It's not at all clear what this particular developer is trying to achieve, either with this software or any of the other products in its expanding stable. Today's Exif-Cleaner 2013 is pretty much typical of a range of different offerings I've encountered from Abylonsoft in the past 12 months, none of 'em uniquely original and all of 'em contested from the get-go by existing freeware.

This GAOTD is a one-touch metadata cleaner that serves as a nuclear option for non-selectively stripping your images of information you may not wish to have communicated to others. But though seemingly from Germany, it's not in the same league as the long-established, and user-selective, PhotoMe from fellow German developer Jens Duttke:


More to the point: Jens' metadata editor is and always has been freeware. Abylonsoft's future as a developer would be more assured if it concentrated on a particular software segment and brought to that some new ideas worthy of a commercial price tag instead of ranging across the existing freeware spectrum in search of opportunistic sales.

Reply   |   Comment by MikeR  –  10 years ago  –  Did you find this comment useful? yes | no (+9)

I'm going to try IMBatch. When I saw it said "no f'ing toolbars" I immediately decided to try it. I get so sick of software both free and paid sneaking in toolbars. I also hate it when paid software such as the ashampoo products, randomly pop up unwanted ads on my pc

Reply   |   Comment by Reality Check  –  10 years ago  –  Did you find this comment useful? yes | no (+1)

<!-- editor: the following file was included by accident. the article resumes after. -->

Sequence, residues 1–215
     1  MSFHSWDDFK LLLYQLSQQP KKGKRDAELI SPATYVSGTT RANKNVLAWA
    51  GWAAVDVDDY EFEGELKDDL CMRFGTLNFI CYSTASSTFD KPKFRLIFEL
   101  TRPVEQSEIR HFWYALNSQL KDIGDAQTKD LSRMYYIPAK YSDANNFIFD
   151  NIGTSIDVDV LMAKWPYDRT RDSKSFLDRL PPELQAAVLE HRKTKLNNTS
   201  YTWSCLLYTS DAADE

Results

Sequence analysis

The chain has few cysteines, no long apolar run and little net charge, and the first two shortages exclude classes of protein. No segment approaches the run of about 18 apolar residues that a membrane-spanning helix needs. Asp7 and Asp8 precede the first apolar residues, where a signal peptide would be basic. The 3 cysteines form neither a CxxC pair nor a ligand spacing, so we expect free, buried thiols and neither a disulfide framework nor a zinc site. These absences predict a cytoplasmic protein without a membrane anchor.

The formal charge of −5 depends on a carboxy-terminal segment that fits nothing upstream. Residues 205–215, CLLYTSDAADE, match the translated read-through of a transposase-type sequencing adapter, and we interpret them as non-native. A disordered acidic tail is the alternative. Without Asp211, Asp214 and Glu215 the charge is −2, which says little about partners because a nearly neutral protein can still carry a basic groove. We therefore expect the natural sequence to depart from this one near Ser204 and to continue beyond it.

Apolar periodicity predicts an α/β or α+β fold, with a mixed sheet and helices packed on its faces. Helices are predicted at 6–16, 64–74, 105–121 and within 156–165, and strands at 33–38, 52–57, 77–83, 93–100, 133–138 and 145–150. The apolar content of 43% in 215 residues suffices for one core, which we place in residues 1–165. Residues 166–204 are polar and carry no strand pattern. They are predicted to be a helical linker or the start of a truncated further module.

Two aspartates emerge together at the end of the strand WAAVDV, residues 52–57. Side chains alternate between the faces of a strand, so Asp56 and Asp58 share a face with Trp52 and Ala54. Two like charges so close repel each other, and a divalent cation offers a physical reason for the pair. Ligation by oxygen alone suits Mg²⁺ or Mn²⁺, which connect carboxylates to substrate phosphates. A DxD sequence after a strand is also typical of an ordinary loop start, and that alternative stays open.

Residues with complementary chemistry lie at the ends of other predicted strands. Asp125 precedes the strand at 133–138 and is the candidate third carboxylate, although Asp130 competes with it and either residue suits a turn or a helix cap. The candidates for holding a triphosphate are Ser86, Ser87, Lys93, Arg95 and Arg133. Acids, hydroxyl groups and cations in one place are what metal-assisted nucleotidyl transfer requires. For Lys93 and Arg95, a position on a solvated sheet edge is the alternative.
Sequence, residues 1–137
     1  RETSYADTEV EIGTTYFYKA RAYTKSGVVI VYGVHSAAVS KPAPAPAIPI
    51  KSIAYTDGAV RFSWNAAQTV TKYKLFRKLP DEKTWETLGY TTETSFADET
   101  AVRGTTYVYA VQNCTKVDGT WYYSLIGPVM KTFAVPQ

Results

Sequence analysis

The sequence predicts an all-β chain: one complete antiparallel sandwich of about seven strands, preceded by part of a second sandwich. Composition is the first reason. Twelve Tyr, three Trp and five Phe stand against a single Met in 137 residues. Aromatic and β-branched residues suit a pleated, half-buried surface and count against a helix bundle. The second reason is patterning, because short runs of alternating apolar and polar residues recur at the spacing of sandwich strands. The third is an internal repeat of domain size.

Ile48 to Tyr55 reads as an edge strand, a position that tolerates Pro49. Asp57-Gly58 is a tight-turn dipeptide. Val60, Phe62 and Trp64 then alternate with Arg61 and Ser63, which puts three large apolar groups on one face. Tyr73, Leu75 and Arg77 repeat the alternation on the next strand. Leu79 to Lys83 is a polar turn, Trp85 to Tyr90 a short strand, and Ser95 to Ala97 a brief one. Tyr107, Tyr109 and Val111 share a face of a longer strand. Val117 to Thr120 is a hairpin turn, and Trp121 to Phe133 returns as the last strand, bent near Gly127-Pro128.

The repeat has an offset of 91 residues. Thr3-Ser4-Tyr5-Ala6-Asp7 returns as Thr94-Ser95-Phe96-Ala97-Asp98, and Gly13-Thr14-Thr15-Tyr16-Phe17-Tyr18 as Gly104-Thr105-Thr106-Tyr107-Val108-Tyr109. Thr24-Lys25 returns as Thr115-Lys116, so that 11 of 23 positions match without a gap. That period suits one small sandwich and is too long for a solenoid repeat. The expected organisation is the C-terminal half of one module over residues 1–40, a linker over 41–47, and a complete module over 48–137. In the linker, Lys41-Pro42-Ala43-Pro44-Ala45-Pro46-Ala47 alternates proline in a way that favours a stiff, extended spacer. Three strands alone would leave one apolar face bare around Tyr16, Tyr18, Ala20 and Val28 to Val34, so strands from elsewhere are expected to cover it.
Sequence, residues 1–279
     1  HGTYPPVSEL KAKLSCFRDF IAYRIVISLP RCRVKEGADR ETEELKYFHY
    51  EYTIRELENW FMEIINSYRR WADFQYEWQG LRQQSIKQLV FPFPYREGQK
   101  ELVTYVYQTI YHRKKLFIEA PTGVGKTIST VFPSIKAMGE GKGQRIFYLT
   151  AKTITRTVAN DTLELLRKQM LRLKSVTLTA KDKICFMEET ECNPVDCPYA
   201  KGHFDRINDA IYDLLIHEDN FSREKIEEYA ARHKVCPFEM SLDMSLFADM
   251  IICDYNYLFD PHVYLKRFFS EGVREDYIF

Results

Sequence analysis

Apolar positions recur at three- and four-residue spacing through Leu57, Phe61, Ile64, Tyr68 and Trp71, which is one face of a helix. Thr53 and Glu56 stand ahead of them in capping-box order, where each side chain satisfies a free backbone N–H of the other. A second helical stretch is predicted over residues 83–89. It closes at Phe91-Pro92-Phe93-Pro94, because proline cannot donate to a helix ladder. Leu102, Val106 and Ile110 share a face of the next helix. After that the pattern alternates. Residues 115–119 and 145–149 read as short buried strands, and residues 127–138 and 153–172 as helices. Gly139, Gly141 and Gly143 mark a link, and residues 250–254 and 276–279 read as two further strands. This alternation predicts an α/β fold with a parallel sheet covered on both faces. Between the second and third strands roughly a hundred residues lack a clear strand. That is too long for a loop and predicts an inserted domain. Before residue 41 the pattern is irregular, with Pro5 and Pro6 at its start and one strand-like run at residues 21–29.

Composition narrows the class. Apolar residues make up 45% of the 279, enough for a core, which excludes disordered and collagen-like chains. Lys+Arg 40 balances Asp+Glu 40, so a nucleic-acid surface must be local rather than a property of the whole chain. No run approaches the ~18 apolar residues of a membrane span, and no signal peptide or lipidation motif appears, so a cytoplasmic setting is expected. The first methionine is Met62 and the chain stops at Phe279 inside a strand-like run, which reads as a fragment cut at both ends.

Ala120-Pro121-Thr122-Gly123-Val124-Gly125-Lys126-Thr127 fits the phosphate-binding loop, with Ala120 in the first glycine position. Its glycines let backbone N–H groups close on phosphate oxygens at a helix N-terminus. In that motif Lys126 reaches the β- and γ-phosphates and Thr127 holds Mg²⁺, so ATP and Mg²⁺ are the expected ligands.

Don't forget EASY EXIF DELETE freeware:

Reply   |   Comment by Software Babe  –  10 years ago  –  Did you find this comment useful? yes | no (+6)

I don't find recommendations of other products to be very useful unless someone has tried both and can tell why one is better than another. Sort of like recommending a car as being "better" without experience. It just muddies the waters and confuses the issues, IMO.

Reply   |   Comment by Rick_S  –  10 years ago  –  Did you find this comment useful? yes | no (-2)

A quick answer to the question of why would someone want to remove EXIF data: Stripping the EXIF results in a slightly smaller file size. When building a web page, the faster images can load, the better. Of course there are other methods of reducing file size, and they can be used in tandem with EXIF removal.

However, as this software does not remove all EXIF data, I would tend to go along with Giovanni's recommended alternatives even though this is really quite nice software that seems to be solidly built and runs flawlessly on my Windows 7 x64 machine.

Reply   |   Comment by Paul  –  10 years ago  –  Did you find this comment useful? yes | no (-1)

Somebody here has suggested a little program called Exif Purge. Not only it is adware, it doesn't do, what it should, it unnecessarily recompresses images instead of only removing metadata. Do not use it. Do not recommend it. Delete it.

Today's giveaway at least does no harm.

Reply   |   Comment by Jacal  –  10 years ago  –  Did you find this comment useful? yes | no (+15)

Install ok on win 7-64.
What I do NOT LIKE is that it wants to access your Facebook & twitter accounts to post. Make sure you uncheck permission boxes and have accounts closed during install.

Reply   |   Comment by dan  –  10 years ago  –  Did you find this comment useful? yes | no (+13)

It seems like a lot of money to just manage your EXIF. For about $15 you could get Photo Manager 4.0 that can batch or single edit/delete your EXIF; Watermark your photos; auto-fix portrait rotation; adjust your taken date; re-size your photos (very useful for sharing)and more.

Reply   |   Comment by CorinaT  –  10 years ago  –  Did you find this comment useful? yes | no (-1)